welcome

Call me Sueyi.
Call me Sue-Sue.
Call me Sue.
Just don't call me lil fry.

A 19 yr old :

Finding her niche in the passionate world of white coats and stethoscopes.

Missing Malaysian food so badly, that she drowns her sorrow by surfing food blogs.

Who watches scary movies only with friends who have high pain threshold (from all that pinching)

Who has very cold extremities, ask my stimulated patients, oops sorry, "simulated patients"

Who loves a good laugh with candid, thick-skinned friends

Who cannot stay surrounded by 4 walls for more than a few hours

Who loves her loved ones so so much


:)

shout outs



endless wishes

char siew bao.

blueberry muffins.

hot Milo and crackers.

a neverending supply of Daddy's socks.

Bear hugs. Warm kisses. Lots of Love.

My own beach chalet.

Bubble baths.

Shining sun and rainbows.

Sexy stilettos.

Dancing.

Me

I wear socks.Even with heels.

I play with my earlobes.

I have a Mongolian mole.

My family means the world to me. "Family means no one gets left behind"

I like cheekiness. You cheeky, me cheeky.

I heart my close friends, the ones who know me in and out, the ones who've grown with me.

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March 1, 2015



and when she speaks

Sunday, March 29, 2009

I have seen how the body is severely ravaged by disease. Seen patients suffer from unimaginable, undescribable cancer pain. Seen a grandpa crippled and broken with all his limb bones literally hardened in permanent flexed fixture who had to have his thigh bones pushed apart with as much effort as possible to have a needle inserted near the groin area for venous access... As I watched him writhe in pain, his two fingers squeezing and holding on for dear life onto his urinary catheter, I could do no much more than hold his other hand tightly whilst he gripped it and cried silently in pain... Inside me, I felt my own tears welling up, but we had to do this... I couldn't hold back and left when they've successfully inserted a femoral line, and left to wipe my own tears by the nearby toilet. I've watched patients who are reduced to an invalid when they used to be robust and strong; barely mobile; barely able to walk beyond their bed to chair. Patients' who are unable to utter a single corrigible word. Patients only a fragment of their old self in the physical form; with their mind now- just a space for irrational, uncontrollable, primitive thoughts when cancer infiltrates the brain.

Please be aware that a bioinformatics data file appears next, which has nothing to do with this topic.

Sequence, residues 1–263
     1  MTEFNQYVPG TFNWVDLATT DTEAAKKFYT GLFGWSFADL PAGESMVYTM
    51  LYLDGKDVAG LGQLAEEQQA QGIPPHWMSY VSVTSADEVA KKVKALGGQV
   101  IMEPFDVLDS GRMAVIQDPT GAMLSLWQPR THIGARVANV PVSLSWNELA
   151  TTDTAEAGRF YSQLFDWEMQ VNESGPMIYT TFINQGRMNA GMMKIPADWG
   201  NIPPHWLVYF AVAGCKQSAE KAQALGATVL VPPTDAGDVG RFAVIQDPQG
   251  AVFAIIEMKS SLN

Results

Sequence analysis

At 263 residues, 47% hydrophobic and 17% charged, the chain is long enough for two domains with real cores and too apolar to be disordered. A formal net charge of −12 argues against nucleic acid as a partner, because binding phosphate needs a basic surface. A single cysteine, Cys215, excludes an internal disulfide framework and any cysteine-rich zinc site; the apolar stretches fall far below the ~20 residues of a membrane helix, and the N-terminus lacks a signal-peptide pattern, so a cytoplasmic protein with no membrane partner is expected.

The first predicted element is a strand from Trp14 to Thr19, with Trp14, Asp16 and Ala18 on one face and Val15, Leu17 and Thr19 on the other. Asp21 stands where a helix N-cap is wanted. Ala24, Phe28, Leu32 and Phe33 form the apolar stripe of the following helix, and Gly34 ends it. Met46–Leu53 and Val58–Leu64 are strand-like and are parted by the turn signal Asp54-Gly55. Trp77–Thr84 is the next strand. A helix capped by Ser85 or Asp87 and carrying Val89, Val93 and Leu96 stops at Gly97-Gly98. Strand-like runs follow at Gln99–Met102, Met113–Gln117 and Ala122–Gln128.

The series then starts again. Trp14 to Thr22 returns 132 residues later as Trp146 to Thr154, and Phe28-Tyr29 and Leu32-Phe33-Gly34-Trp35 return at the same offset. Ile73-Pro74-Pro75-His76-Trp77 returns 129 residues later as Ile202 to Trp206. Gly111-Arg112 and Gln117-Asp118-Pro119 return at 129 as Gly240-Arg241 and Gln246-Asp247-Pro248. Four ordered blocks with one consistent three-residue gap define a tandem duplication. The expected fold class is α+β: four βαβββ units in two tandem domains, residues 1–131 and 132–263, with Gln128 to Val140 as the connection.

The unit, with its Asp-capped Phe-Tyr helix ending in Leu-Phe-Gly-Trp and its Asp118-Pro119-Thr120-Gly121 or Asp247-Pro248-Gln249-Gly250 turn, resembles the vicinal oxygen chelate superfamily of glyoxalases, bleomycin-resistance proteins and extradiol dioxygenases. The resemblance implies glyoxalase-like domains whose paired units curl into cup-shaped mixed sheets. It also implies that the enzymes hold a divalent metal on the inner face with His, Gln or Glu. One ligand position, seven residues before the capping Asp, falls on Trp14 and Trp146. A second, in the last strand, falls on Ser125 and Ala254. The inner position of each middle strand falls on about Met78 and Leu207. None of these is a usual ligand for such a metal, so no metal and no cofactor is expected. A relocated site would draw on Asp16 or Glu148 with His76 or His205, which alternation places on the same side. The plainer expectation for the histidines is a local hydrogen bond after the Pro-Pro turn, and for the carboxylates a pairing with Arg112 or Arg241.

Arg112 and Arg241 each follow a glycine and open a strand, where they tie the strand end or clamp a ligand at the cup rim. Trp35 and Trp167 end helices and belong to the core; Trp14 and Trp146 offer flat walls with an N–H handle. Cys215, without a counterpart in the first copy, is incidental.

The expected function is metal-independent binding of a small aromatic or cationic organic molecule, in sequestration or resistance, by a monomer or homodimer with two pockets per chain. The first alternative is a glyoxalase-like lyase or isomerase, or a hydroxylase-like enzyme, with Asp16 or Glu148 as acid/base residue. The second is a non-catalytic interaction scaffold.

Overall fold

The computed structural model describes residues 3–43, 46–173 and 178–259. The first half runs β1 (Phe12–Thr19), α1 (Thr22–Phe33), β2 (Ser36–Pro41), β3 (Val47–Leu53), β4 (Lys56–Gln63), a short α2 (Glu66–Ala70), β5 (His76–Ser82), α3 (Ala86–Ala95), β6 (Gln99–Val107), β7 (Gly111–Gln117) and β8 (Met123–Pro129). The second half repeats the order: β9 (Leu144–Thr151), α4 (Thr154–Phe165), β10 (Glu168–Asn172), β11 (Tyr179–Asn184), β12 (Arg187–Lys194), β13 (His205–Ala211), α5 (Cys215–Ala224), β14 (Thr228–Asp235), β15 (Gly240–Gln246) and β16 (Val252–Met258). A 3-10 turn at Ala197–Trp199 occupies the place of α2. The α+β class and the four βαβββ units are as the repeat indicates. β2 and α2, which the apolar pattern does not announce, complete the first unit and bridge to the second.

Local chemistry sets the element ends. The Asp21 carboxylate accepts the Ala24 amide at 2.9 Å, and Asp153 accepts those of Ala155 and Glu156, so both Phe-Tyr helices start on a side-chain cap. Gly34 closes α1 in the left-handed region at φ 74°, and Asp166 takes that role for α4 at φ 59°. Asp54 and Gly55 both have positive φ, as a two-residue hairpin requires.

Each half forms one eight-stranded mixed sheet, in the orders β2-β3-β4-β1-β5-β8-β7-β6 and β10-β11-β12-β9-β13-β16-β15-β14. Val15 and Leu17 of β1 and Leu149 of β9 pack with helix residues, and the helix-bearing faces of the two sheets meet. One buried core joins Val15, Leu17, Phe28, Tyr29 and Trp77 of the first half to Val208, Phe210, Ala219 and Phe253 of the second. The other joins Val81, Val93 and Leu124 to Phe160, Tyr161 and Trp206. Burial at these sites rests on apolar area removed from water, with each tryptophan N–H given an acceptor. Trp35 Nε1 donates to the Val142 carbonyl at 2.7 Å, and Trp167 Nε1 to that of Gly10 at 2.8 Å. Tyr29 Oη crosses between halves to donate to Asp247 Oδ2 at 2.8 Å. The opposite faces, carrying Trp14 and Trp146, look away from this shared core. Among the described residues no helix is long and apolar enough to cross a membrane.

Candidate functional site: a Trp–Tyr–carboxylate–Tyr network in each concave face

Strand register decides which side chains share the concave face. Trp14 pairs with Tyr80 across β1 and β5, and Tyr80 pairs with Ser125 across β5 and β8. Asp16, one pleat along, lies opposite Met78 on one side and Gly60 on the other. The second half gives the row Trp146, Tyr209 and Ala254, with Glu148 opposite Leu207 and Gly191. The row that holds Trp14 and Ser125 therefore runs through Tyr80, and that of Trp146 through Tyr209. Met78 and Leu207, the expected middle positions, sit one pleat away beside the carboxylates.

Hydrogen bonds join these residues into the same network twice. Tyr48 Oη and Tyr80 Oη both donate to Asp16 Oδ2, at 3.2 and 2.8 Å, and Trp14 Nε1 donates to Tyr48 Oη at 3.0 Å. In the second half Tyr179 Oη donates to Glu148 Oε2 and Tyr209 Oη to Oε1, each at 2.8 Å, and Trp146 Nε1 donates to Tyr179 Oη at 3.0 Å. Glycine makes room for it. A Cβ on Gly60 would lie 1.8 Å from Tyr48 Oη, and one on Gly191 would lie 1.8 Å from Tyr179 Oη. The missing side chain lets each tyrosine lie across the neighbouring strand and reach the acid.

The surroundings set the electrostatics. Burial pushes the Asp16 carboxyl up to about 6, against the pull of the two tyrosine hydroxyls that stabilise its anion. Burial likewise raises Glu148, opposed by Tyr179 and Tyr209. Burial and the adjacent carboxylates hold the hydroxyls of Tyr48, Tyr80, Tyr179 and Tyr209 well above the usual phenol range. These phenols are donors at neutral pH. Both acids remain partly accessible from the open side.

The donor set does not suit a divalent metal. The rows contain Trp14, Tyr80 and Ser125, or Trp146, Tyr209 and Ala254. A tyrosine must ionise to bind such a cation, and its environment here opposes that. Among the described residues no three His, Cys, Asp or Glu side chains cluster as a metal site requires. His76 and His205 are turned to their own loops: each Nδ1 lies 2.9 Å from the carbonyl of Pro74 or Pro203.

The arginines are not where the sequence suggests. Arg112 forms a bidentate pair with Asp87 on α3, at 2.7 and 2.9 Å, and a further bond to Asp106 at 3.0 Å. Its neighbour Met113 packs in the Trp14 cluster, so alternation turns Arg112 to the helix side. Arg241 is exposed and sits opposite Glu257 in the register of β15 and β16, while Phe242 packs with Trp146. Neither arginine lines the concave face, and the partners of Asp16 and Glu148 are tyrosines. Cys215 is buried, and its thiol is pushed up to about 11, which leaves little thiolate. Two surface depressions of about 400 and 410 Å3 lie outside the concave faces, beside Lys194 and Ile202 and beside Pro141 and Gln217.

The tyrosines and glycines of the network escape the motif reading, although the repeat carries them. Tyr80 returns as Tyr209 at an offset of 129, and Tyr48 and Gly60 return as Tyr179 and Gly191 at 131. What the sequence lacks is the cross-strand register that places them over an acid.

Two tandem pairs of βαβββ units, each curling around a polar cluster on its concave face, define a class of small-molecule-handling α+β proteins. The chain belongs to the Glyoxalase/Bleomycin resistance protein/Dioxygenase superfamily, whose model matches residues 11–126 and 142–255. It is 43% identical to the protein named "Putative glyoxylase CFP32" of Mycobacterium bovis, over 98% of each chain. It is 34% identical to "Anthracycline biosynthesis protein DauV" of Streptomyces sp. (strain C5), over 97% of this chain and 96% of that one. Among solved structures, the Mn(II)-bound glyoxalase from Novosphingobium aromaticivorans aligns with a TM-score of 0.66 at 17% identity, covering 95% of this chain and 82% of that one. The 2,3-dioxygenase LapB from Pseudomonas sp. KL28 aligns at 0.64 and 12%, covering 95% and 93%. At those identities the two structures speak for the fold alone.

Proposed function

This is why I'm so pushed. Even if there is no cure, it is my responsibility to comfort. And that is the essence of palliative care.

In those fleeting moments when my mind wanders, it sometimes falls on images of those patients whom I've met- those whom have etched a mark in my memory and will serve as a reminder for me to never become jaded. To remind me why I'm here. To ensure I always give my best and look at my patient as a whole, taking into account not just the physical; but the psycho-social and the spiritual aspects of them as well.

My talk last week was on 'the holistic approach to a dying patient' and in the process of being so engrossed in researching on that; I discovered and learnt so much.

"Are there specific things that you would want your family to know about you, and are there particular things you would want them to remember? Are there particular things that you feel still need to be said to your loved ones, or things that you would want to take the time to say once again? What are your hopes and dreams for your loved ones? What advice or words of guidance would you wish to pass along to your loved ones? Are there words or perhaps even instructions you would like to offer your family, to help prepare them for the future? "

From Chochinov and friends' Dignity Psychotherapy Questionnaire Protocol where questions like these are asked and then taped; and returned to the dying patient as a tangible product; a legacy document that is usually bequeathed to the patients' family once the patient has passed on.

Nowhere is the adage "to cure sometimes, to heal often, to comfort always" more salient than in end-of-life care.

In accordance with the vision of the late Dame Cicely Saunders, palliative care "will do all [it] can, not only to help you die peacefully, but also to live until you die."

I'm thankful I chose to do a hospice elective, a palliative care elective in New York and a geriatric elective in UMMC- I have been fortunate enough to learn how to ease suffering and comfort dying patients. and their concerned families.

To the people who have taught me humility, courage, strength, optimism and perseverance; thank you. Your gift of life served as an inspiration to many more, I'm sure.

her
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9:48 PM;;